The notion that such a state will inspire hope among “angry, humiliated young Arabs” is a measure of the appalling ignorance that merges seamlessly with Friedman’s arrogance and bloodlust.

Finally, there is the “moral reason” for the war—the fact that the Iraqi regime of Saddam Hussein repressed its own people. Never mind that the CIA helped bring the Baathists to power and provided them with lists of socialists and nationalists who became their first victims.

“Once the war was over and I saw the mass graves and the true extent of Saddam’s genocidal evil, my view was that Mr. Bush did not need to find any WMDs to justify the war for me,” says the Times columnist.

The unearthing of human remains in Iraq was, according to Friedman, the irrefutable answer to anyone’s questioning the morality of the war. That the bulk of these unearthed victims were Shiites, massacred with the tacit approval of the US government when they rebelled in the wake of the first Persian Gulf War, does not enter into Friedman’s moral calculations.

Moreover, the unearthing of similar remains in Honduras, Guatemala, El Salvador, Chile and Argentina—all victims of dictatorships installed by the CIA and the Pentagon—apparently escaped his notice. Had he seen the skulls and skeletons at those sites would it have caused a comparable epiphany, convincing him of the immorality of US imperialist interventions?

Friedman proudly declares that whether or not any WMDs are found or even existed is for him a matter of indifference. The “genocidal evil” that he perceived in the mass graves uncovered after the war was sufficient justification. “But I have to admit that I’ve always been fighting my own war in Iraq,” he tells his readers. “Mr. Bush took the country into his war.”

Friedman was never fighting his “own war in Iraq,” not even in his own head. His job involved not fighting, but lying. After luncheon consultations with the war’s Pentagon plotters, he crafted lying bits of sophistry to justify an illegal act of aggression. His specialty was to cloak a filthy and predatory enterprise in “progressive” and “moral” trappings.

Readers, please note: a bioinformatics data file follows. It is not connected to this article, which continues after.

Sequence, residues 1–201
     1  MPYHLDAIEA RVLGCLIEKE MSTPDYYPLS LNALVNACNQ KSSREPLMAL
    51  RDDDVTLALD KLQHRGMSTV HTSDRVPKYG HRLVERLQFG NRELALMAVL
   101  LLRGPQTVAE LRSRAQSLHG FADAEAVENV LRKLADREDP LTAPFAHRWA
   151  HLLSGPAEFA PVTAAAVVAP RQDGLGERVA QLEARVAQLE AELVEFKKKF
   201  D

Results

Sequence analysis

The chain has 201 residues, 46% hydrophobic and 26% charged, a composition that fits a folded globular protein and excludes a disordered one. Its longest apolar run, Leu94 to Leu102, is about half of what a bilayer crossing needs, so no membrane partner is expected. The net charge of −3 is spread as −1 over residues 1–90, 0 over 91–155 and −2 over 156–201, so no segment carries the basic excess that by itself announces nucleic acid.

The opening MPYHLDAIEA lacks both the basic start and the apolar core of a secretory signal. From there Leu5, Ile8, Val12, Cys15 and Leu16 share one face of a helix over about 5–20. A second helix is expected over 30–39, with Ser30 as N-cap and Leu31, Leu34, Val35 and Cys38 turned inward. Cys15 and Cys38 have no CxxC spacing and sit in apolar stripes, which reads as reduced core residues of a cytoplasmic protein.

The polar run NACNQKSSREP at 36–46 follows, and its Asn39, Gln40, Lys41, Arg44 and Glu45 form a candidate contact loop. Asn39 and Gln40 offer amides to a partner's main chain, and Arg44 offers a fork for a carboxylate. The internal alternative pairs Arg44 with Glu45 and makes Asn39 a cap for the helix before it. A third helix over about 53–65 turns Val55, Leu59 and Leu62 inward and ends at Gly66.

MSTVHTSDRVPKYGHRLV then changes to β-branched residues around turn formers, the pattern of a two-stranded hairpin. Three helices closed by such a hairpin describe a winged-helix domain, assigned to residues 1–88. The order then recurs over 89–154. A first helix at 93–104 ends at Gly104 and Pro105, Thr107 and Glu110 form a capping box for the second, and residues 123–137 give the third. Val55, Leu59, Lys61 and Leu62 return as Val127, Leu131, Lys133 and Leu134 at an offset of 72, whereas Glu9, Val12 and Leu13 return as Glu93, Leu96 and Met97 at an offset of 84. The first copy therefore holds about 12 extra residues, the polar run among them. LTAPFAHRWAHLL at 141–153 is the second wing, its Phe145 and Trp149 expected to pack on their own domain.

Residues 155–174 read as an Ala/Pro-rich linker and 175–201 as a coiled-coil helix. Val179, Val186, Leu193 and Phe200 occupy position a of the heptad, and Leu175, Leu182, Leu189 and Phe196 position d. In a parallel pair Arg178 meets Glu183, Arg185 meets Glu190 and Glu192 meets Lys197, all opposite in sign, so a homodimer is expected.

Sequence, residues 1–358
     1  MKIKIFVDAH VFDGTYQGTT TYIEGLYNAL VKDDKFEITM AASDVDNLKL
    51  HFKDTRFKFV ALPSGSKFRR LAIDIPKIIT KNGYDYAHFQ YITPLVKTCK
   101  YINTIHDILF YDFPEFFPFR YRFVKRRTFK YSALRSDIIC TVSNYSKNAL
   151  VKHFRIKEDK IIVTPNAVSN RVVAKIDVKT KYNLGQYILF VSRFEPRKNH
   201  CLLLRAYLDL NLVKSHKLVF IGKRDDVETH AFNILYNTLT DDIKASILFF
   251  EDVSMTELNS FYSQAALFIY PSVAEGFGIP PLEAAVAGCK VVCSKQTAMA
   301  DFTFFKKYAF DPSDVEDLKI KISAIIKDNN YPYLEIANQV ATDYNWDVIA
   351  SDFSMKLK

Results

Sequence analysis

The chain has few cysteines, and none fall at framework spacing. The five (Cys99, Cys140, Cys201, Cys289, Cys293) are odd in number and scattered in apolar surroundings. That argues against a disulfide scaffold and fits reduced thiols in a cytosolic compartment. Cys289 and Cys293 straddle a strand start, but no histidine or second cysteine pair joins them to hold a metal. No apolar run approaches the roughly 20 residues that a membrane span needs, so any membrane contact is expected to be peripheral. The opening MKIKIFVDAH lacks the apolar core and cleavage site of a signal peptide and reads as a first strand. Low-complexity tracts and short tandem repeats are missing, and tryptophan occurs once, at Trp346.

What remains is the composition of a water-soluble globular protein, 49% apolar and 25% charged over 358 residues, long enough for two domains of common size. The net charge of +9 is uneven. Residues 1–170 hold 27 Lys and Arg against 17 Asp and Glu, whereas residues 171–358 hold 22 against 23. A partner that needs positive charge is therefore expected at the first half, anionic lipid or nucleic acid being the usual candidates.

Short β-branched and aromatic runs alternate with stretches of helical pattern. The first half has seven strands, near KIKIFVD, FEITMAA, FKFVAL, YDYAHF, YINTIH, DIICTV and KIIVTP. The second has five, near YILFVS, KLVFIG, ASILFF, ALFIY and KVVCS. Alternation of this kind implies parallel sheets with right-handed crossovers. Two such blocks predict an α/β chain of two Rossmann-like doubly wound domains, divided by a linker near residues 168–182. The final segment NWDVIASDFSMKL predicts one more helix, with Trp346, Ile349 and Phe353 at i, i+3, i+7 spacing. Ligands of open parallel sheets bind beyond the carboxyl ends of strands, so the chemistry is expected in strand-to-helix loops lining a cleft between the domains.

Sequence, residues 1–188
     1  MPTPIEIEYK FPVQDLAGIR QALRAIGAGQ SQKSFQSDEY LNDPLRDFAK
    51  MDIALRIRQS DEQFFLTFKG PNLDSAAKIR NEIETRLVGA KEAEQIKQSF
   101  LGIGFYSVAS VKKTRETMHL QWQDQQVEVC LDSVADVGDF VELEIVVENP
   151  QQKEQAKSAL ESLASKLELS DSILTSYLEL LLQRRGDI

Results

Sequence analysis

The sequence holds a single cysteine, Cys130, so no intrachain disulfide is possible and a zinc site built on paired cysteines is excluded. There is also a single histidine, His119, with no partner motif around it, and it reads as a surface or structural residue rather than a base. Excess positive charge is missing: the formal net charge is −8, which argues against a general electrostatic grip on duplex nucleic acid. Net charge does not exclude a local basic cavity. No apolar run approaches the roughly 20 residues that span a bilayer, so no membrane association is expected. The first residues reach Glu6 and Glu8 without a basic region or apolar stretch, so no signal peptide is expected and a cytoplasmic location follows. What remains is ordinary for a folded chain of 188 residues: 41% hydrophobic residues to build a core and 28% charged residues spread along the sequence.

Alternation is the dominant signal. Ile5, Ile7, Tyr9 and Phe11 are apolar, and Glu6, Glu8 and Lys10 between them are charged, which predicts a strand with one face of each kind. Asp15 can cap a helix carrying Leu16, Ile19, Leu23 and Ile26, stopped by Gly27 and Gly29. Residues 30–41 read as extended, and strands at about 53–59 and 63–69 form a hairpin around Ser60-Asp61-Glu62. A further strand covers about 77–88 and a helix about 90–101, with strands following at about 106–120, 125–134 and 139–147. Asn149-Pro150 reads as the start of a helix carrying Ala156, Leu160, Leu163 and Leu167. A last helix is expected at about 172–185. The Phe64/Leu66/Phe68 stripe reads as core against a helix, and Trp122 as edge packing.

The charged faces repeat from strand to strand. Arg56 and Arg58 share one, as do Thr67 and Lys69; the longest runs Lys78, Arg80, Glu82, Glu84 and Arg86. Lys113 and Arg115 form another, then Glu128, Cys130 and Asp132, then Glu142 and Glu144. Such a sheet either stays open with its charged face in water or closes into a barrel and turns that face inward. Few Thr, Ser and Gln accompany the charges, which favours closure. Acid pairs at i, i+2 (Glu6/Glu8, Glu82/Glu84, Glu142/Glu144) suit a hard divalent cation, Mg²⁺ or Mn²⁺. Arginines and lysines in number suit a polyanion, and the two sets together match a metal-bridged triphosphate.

The “Bush team,” Friedman tells his readers, opted, “for PR reasons,” not to disclose its “real reason” for war, not to mention its supposed “right” and “moral” motives.

Friedman, it should be pointed out, acknowledged during the buildup to the Iraq war that there existed no popular support for attacking the Middle Eastern country. In a column published February 5, he commented that he was “struck by an incredible contrast...between the audacity of what they [the Bush administration] intend to do in Iraq—a audacity that, I must say, has an appeal for me—and the incredibly narrow base of support that exists in America today for this audacious project.”

An avowed advocate of war, Friedman found himself compelled to admit that in public appearances around the country, “there was not a single audience I spoke to where I felt there was a majority in favor of war in Iraq.”

Faced with the same dilemma, the administration bombarded the public with phony propaganda about “weapons of mass destruction.” It sought to terrorize the American people into supporting a war. It claimed repeatedly that Saddam Hussein’s regime had a huge stockpile of nerve gas, biological weapons and possibly even atomic bombs, and was preparing to hand them over to the same band of terrorists that leveled the World Trade Center.

That this is no big deal for the leading foreign affairs columnist at the New York Times is itself a testimony to the degeneration of the media and the disappearance of any significant base of support for democratic rights within the ruling elite, including its supposedly liberal wing.

One only has to recall the furor unleashed by the Times, the Washington Post and others over Richard Nixon’s secret bombing of Cambodia, not to mention his lying over what his administration tried to dismiss as a “second-rate burglary” at the Watergate complex some three decades ago.

Now, confronted with overwhelming evidence that a US administration launched an unprovoked war against a country that posed no threat to the American people based on lies and fabrications whose like has not been seen since the days of Adolf Hitler, the response is to invent “moral” alibis.

Implicit in this attempted whitewash is the idea that the American people have no right to know why the government sends its soldiers to kill and die in another country, much less to exercise any influence on the decision to go to war.

This is not a new idea. Herman Goering, the number-two man in Hitler’s Third Reich, described the same concept quite well in an interview conducted in his Nuremberg jail cell: “Naturally, the common people don’t want war, neither in Russia nor in England, nor for that matter in Germany. That is understood. But, after all, it is the leaders of the country who determine the policy and it is always a simple matter to drag the people along, whether it is a democracy or a fascist dictatorship...All you have to do is tell them that they are being attacked, and denounce the peacemakers for lack of patriotism and exposing the country to danger. It works the same in any country.”